“Sometimes when you win, you really lose, and sometimes when you lose, you really win…” Rosie Perez as Gloria Clemente in White Men Can’t Jump.
That quote from Ron Shelton’s 1992 film was a lot longer, but you get the point.
Marcos Maidana had no business giving Floyd Mayweather a run for his moniker (“Money”) when the two faced off in front of 16,268 rowdy fans at the MGM Grand Garden Arena in Las Vegas, NV. The unbeaten Mayweather had vanquished just about every threat in boxing – except a certain Filipino that will remain unnamed – and Maidana was given virtually no chance by anyone to score the upset. But the determined Argentinean gave the pound for pound king all he could handle for 12 rounds and won over the fans despite losing a majority decision.
Mayweather remains undefeated (46-0) and became the first fighter to simultaneously unify titles in two weight classes but was unable to turn in one of those masterful performances that often leave opponents defeated after the first couple of rounds. Maidana didn’t come to be a glorified punching bag that would look foolish against Mayweather’s masterful defensive wizardry. Maidana came to win and the best strategy he and his team came up with was to be in Mayweather’s face all night. And that’s exactly what he did.
There was nothing pretty about what Maidana came to do. From the opening bell he stormed Mayweather and threw punches from all angles and could care less whether they landed or not. The strategy had Mayweather visibly uncomfortable as Maidana smothered him and did his best to keep Mayweather from using his footwork and hand speed. Despite being as much a 12-1 underdog, Maidana didn’t perform like someone who was supposed to lose and make Mayweather look good.
But what did take place was a fight filled with excitement and was far from the relatively boring chess match that fans have complained about. Maidana forced Mayweather to fight, and boxing’s cash cow made adjustments to thwart Maidana’s strategy midway through the fight. Whenever the two separated, Mayweather launched beautiful check hooks, straight right hands and kept his range with a long jab to the stomach. Maidana refused to be denied and continued to steam forward and rough Mayweather up. A head butt had Mayweather cut over his right eye and there were visible bumps on his face. Nevertheless, Mayweather did a fine job of stifling Maidana’s advances as the judges gave him a narrow majority decision with scores of 114-114, 116-112 and 117-111. “He’s rough,” Mayweather said afterward. “I always make the adjustments and that’s the difference between me and every other fighter.”
It was an impressive performance by Mayweather but the fact that Maidana was able to land the most punches on Mayweather in his career (221) was quite the feat. A constant underdog, Maidana is used to proving the naysayers wrong. He used a similar relentless attack to dispatch of Adrien Broner last December to earn the fight. Most thought that Mayweather would be able to pick off those advances but the champion said before the fight that he would stay in the pocket and trade. And that’s just what he did. “Like I said, I wasn’t going to do a whole lot of moving for this fight,” Mayweather explained. “I was going to give the fans what they wanted to see. The fans have been supporting me for almost 20 years now. It don’t hurt to give them what they want.”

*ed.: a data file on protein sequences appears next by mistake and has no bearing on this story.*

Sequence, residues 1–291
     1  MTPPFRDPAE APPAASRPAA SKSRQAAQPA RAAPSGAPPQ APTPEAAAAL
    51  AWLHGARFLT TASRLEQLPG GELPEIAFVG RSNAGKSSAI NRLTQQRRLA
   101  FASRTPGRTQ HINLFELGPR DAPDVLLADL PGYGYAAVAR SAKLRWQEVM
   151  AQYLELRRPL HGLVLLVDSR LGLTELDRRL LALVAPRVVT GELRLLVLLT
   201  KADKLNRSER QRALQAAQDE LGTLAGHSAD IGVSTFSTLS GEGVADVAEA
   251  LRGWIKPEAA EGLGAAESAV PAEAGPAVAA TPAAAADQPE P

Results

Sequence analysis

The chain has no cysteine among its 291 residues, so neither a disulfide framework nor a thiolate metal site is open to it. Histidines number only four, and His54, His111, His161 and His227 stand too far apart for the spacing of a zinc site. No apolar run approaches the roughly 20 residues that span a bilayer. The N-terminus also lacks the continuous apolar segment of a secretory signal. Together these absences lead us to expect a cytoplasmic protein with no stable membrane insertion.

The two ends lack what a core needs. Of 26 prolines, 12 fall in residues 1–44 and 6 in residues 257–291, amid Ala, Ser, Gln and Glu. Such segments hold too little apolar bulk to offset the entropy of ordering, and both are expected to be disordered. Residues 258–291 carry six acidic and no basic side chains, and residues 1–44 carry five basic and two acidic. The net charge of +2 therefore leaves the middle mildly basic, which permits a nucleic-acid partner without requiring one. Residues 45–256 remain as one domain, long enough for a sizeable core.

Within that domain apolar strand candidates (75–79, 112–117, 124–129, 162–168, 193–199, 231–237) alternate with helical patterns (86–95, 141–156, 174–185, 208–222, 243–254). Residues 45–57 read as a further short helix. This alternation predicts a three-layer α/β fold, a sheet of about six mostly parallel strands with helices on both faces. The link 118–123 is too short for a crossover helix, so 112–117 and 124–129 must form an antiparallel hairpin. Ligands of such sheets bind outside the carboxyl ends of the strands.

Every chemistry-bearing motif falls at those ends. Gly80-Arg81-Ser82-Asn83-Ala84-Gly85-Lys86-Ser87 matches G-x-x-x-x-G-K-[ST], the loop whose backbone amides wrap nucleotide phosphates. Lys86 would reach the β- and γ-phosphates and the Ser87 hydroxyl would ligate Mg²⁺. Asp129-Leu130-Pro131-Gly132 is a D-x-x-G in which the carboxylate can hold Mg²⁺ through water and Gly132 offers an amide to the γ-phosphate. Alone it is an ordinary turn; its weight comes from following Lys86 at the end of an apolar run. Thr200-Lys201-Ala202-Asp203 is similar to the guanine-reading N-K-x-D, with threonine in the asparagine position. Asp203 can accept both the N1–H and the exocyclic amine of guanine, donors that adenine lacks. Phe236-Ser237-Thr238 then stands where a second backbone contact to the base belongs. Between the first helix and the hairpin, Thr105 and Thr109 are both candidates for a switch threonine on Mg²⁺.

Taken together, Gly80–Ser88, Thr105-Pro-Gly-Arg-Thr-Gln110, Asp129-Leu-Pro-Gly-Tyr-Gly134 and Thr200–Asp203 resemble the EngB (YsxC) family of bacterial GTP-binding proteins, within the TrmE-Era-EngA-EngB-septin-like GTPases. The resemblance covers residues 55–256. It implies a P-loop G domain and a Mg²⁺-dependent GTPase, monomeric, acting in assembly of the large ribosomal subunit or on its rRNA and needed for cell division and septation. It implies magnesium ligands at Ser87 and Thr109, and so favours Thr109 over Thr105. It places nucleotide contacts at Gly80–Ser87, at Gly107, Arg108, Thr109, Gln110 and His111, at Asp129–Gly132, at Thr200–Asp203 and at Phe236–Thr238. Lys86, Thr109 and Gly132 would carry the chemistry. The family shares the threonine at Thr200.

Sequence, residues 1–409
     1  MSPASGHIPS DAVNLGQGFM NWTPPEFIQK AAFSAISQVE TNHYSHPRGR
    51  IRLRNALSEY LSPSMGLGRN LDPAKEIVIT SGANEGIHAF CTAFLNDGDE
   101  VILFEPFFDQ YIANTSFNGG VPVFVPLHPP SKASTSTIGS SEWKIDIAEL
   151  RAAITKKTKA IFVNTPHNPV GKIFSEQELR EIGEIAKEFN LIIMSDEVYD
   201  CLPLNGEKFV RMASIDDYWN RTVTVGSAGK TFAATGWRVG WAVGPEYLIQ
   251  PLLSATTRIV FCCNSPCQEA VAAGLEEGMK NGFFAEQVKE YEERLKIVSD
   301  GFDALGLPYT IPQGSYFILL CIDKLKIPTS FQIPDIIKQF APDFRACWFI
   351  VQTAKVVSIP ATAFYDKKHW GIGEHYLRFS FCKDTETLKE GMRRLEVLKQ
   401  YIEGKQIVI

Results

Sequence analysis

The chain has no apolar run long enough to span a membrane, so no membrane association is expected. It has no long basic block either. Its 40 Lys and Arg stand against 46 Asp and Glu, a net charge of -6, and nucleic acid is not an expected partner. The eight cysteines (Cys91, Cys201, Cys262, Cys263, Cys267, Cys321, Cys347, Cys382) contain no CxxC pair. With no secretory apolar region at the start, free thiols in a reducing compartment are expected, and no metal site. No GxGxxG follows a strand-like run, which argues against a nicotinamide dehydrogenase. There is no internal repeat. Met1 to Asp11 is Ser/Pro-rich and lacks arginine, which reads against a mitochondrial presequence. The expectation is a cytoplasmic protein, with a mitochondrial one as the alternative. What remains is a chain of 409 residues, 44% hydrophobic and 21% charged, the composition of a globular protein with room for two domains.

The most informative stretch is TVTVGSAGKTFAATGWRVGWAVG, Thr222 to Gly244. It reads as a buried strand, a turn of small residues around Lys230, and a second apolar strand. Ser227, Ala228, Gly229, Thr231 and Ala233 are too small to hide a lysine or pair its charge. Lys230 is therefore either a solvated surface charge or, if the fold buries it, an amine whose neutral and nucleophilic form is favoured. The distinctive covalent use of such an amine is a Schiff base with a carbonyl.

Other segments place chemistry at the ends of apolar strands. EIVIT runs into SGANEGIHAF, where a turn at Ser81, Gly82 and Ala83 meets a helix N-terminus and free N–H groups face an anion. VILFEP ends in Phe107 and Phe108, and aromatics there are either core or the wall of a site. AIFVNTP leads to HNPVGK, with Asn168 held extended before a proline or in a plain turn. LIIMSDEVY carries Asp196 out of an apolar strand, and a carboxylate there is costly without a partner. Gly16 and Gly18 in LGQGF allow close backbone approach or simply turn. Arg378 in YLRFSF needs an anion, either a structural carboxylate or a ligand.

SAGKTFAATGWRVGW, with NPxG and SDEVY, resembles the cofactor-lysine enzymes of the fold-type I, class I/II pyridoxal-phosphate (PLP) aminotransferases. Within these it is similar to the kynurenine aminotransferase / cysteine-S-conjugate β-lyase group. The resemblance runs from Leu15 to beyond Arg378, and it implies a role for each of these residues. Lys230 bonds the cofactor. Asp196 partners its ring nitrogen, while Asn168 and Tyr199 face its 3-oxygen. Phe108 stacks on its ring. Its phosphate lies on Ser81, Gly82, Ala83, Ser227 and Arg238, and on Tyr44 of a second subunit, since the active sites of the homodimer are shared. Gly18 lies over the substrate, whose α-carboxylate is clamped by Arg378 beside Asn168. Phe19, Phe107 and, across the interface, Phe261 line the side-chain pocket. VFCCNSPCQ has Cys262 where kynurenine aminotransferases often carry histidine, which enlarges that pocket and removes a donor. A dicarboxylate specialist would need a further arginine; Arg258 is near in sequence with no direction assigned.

The fight was close enough in the eyes of the fans that they heavily booed the decision. Maidana went as far to say that he was robbed. With the fight being hotly contested and a real struggle to find credible opponents, the idea of a rematch doesn’t sound so bad. “If he feels he won, in September he can get it again,” Mayweather said at the post fight press conference. Normally, Mayweather doesn’t entertain the idea of a rematch but is well aware that it is likely the best option for him. Especially considering that Amir Khan, who defeated Luis Collazo earlier in the night, wouldn’t be ready to fight in September due to Ramadan. With nobody else currently in sight, Mayweather will leave that door open.
Mayweather took home a minimum of $32 million while Maidana made $1.5 for his efforts. But Maidana fought like a man who deserved more than 5% of what Mayweather made. In the eyes of the Argentinean, he won the fight and would be the one granting Mayweather another opportunity. “I would have to give him a rematch because I won the fight,” Maidana said. He was speaking of Mayweather’s rematch clause in the event he lost. “Yes, I would give him a rematch.”
The only other time that Mayweather fought an opponent a second time was when he faced Jose Luis Castillo twice in 2002. Their first meeting was a closely contested battle that Mayweather controversially won. The rematch was a far different story as the then-lightweight champion made the fight look much easier. Could it be a different story the second time around? “In September, if we fight again, will it be the same fight? Absolutely not. I could have made the fight a lot easier if I wanted to,” Mayweather said.
Afterwards, Mayweather spoke about everything from his team to his strategy while Maidana sat by idly and listened. When it was his turn to talk, Maidana was through conversing about the past and addressed the future.
“Enough talk, give me the fucking rematch,” Maidana proclaimed.
Photos courtesy of Showtime/Tom Casino